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Create an animated infographic with SVG

Discover how to animate infographics using popular web technologies SVG, CSS and JavaScript.

step5

People like to interact with and investigate things and providing interactive content on your website is one of the best ways of holding the interest of visitors for longer. Thankfully, modern web browsers will happily display SVGs (Scalable Vector Graphics), which is great news for anyone wanting to create interactive content, because SVGs can easily be manipulated.

The graphics for your entire interactive stage comprise only one small file versus the plethora of larger GIFs, PNGs or JPEGs you might need for a complex animation developed using more traditional techniques. Additionally, since all of the elements within the SVG are scalable, you can use zoom effects without anticipating and dealing with potential image quality deterioration.

This tutorial will walk you through the steps of creating an engaging animated infographic, so you can really hold readers’ attention. We’ve based the information off a demo developed by the Canadian designer, Adam Coloumbe, whose original work can be found here: bitly.com/WOQ5fy.

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Choose your tools

This tutorial assumes that you will be using Adobe Illustrator to create your SVG file. You can of course use any application you like. as long as it supports the SVG file format. You could even create the file by hand if you are that way inclined.

001  <?xml version=”1.0” encoding=”utf-8”?>
 002 <!-- Generator: Adobe Illustrator 16.2.1,     SVG     Export Plug-In . SVG Version: 6.00 Build 0)      -->
 003 <!DOCTYPE svg PUBLIC “-//W3C//DTD SVG 1.1//    EN”     “http://www.w3.org/Graphics/SVG/1.1/DTD/    svg11.    dtd”>
 004 <svg version=”1.1” id=”InteractiveSVG”     xmlns=”http://www.w3.org/2000/svg”         xmlns:xlink=”http://www.w3.org/1999/xlink”     x=”0px”
 005     y=”0px” width=”1024px” height=”800px”     viewBox=”0 0 1024 800” enable-background=”new 0     0 1024 800” xml:space=”preserve”>

Group into IDs

The infographic will be animated using CSS applied to the various IDs that comprise the graphic. An ID is assigned to an element of your graphic when that element is turned into a group. These groups are identified within the SVG with the <g> and </g> tags and you will see that these groups can be nested.

001     <g id=”stage-one”>
 002        <g id=”stage-one-badge”>
 003            <g id=”stage-one-title”></g>
 004            <g id=”stage-one-details”></g>
 005        </g>
 006 </g>

Have a look inside

You will need to do some editing of your SVG file, so it’s worth understanding the basic structure that needs to be in place. The SVG file format is an XML-based file, so when you open it in your preferred code editor (eg Sublime Text) what you see may not be as unfamiliar as you expect.

001 <svg>
 002 <g id=”background”></g>
 003 <g id=”logo”></g>
 004 <g id=”quote”>
 005    <g id=”quote-left-speech”></g>
 006    <g id=”quote-right-speech”></g>
 007    <g id=”quote-text”></g>
 008 </g>
 009 <g id=”timeline”>
 010    <g id=”stage-one”>
 011        <g id=”stage-one-badge”>
 012            <g id=”stage-one-title”></g>
 013            <g id=”stage-one-details”></g>
 014        </g>
 015    </g>
 016 //repeated for subsequent stages
 017 </g>
 018 </svg>

Safety first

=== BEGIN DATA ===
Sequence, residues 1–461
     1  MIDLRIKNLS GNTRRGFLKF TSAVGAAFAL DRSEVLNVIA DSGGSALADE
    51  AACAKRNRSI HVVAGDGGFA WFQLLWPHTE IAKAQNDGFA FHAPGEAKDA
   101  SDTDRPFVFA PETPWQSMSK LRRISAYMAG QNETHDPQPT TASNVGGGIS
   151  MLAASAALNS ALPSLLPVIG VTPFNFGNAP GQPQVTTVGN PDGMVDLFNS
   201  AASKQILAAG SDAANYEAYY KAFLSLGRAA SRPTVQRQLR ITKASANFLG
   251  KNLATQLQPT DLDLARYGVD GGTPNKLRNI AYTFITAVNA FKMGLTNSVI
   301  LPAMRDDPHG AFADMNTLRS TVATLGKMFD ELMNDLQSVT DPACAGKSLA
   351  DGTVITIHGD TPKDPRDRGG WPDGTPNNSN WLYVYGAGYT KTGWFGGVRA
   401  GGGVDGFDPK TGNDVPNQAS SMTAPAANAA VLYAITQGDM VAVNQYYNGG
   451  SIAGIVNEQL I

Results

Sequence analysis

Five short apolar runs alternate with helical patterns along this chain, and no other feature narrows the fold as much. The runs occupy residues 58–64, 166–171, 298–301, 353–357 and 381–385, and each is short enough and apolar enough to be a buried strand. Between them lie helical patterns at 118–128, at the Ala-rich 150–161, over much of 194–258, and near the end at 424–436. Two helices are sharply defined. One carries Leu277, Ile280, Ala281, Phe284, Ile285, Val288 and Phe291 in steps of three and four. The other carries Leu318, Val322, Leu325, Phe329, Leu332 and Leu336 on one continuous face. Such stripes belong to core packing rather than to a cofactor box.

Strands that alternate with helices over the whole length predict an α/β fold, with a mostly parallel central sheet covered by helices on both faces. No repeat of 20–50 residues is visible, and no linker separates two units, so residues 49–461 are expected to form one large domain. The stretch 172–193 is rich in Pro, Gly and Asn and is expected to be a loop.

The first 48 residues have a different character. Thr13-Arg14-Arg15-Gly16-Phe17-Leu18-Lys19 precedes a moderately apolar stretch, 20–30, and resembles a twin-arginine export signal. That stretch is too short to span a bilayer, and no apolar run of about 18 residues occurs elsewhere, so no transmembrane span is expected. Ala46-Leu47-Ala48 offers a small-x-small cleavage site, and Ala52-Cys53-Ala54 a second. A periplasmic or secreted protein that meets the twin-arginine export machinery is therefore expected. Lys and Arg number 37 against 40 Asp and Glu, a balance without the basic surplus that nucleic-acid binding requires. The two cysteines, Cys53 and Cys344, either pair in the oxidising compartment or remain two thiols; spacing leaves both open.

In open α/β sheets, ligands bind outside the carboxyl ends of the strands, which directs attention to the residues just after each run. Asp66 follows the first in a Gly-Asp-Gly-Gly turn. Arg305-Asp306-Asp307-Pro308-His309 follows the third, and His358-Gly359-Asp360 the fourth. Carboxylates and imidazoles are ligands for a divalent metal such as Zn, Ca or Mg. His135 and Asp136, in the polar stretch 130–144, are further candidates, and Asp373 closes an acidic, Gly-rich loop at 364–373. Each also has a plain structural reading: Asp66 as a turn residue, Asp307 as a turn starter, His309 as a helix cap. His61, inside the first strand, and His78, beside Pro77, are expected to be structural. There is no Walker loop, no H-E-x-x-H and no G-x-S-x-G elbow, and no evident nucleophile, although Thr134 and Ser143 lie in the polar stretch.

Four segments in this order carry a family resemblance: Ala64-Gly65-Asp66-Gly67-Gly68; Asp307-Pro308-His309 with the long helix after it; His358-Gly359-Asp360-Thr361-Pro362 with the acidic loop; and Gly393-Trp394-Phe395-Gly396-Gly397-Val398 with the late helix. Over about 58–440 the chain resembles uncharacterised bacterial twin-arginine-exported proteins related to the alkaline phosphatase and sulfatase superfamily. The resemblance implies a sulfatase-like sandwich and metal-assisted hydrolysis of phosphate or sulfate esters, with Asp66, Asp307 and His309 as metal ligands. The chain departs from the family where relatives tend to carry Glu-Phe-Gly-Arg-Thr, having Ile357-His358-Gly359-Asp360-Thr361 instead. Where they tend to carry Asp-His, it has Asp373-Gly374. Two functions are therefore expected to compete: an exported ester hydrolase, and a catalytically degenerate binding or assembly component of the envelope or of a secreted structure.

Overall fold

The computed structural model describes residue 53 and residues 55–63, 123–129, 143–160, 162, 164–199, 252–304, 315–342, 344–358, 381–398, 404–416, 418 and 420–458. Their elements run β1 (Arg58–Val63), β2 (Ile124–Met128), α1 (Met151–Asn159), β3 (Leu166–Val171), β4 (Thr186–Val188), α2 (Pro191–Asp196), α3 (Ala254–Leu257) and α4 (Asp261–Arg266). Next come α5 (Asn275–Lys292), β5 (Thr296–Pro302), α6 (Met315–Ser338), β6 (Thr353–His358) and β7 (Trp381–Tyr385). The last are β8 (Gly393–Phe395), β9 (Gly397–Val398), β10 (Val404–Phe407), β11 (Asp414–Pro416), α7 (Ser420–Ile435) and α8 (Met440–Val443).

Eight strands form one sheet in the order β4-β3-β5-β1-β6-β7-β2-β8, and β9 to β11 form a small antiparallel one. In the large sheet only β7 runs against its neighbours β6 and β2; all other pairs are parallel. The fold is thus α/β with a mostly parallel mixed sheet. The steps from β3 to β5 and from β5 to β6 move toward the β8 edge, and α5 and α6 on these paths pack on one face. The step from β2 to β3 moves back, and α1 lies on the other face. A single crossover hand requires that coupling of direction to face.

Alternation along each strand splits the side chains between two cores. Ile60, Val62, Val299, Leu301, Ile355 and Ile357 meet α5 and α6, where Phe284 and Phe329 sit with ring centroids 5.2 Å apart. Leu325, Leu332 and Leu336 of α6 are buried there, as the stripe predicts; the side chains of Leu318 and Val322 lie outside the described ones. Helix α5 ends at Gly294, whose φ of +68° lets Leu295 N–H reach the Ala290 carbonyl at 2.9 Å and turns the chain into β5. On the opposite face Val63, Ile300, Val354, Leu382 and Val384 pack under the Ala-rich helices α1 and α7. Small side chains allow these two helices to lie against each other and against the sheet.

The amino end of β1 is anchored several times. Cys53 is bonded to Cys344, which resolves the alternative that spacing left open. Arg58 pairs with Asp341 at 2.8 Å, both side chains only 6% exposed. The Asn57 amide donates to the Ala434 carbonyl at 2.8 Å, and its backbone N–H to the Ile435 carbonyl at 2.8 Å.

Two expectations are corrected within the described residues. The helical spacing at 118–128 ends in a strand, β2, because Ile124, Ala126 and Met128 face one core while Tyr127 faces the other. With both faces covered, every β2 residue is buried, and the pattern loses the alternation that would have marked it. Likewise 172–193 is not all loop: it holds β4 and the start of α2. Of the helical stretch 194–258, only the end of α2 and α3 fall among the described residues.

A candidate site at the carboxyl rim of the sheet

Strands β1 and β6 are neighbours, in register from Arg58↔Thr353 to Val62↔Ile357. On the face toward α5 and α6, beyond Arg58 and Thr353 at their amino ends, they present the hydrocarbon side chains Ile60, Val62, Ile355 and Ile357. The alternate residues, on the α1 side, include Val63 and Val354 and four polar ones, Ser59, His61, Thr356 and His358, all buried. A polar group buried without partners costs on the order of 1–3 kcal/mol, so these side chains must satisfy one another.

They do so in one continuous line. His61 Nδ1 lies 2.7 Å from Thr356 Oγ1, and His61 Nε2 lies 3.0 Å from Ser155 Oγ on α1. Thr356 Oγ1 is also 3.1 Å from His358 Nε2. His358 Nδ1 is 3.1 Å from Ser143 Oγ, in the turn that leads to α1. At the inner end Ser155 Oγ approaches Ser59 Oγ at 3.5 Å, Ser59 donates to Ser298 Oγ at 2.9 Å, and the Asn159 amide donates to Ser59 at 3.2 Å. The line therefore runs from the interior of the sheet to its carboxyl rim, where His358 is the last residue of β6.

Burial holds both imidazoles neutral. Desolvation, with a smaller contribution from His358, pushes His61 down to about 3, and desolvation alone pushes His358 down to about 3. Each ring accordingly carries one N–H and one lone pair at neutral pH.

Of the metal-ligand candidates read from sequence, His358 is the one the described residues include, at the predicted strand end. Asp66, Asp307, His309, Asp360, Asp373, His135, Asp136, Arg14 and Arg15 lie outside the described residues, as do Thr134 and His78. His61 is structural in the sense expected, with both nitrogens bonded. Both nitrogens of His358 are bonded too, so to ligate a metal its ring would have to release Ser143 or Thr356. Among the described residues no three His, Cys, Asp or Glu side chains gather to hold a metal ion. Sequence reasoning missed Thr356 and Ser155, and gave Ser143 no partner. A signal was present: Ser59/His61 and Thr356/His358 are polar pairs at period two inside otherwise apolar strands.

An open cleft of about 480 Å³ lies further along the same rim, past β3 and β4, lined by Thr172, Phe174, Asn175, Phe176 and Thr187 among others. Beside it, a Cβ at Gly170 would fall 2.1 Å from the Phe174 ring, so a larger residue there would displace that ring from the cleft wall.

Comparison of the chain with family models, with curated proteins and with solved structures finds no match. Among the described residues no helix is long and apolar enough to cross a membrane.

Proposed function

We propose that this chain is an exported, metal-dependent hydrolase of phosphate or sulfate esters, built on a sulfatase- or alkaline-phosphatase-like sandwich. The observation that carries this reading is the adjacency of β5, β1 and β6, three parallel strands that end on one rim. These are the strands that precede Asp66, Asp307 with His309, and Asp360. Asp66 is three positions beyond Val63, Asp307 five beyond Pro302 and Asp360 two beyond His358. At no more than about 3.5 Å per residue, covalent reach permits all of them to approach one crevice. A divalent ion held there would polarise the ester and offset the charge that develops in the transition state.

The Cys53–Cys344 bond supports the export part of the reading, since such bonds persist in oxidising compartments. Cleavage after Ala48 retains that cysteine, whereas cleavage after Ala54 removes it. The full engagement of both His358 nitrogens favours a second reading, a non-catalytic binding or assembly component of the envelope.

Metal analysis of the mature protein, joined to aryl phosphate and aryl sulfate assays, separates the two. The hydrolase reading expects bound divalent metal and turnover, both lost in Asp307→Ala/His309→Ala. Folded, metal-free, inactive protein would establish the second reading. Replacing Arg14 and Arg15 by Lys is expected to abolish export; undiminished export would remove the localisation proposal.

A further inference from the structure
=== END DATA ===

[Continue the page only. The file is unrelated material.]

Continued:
For safety’s sake, keep a native version (in Adobe Illustrator this will be a ‘.ai’ file) of your infographic that you can go back to. If you make any changes to the SVG file that make it invalid, Illustrator may no longer be able to open the file and you might have a file you can’t fix.

Tweak away

Your Illustrator-generated file will only take you so far though. When you start making changes in your SVG file, for example to tweak the font names, remember you can’t go back to Illustrator and edit again. If you do, more likely than not, your manually applied changes will be overwritten.

Using fonts

The following code is an example of a single outlined letter in the SVG file (in this case, the ‘T’ of ‘STAGES’). As you can see, it’s not pretty and it’s certainly not going to be easy to edit. If you’re using text in your SVG, you’ll want to keep any text within your SVG as a font because this will make the text much more accessible and also help with keeping  the file size down.

001 <path fill=”#EFC94C” d=”M234.508,85.439l-    5.778,0.329l0.271-2.5l-0.823,0.046l-        1.304,11.747l1.687-0.104l-0.66,6.749     l-11.146,0.729l1.059-6.812l1.746-0.104l1.773-
 11.817l-0.842,0.047l-0.395,2.521l-
 5.704,0.329l1.788-9.413l19.039-0.994         L234.508,85.439z M232.604,83.433l0.44-        4.949l-15.384,0.822l-0.898,5.018l1.878-    0.104l0.436-2.601l4.591-0.253l-2.249,16.229     l-1.712,0.104l-0.34,2.364l6.484-0.414l0.258-    2.354l-1.708,0.107l1.988-16.188l4.624-0.255l-    0.254,2.569L232.604,83.433z”/> 

What’s my name again?

Depending on the font you use, Illustrator may not set the font family name correctly for you. The font name needs to appear exactly as it is specified in the CSS to work. If you’re using a web font as this tutorial does, you’ll simply need to reference the font in the CSS as you normally would and then update the SVG so that the name matches it everywhere it is referenced.

001    <g id=”quote-text”>
 002        <text transform=”matrix(1 0 0 
 1 573 74.9998)” fill=”#EFC94C” font-        family=”LeagueGothic” font-size=”27”>The nice     thing about not planning is that failure </    text>
 003        <text transform=”matrix(1 0 0 
 1 573 99.9998)” fill=”#EFC94C” font-        family=”LeagueGothic” font-size=”27”>comes as a     complete surprise rather than being </text>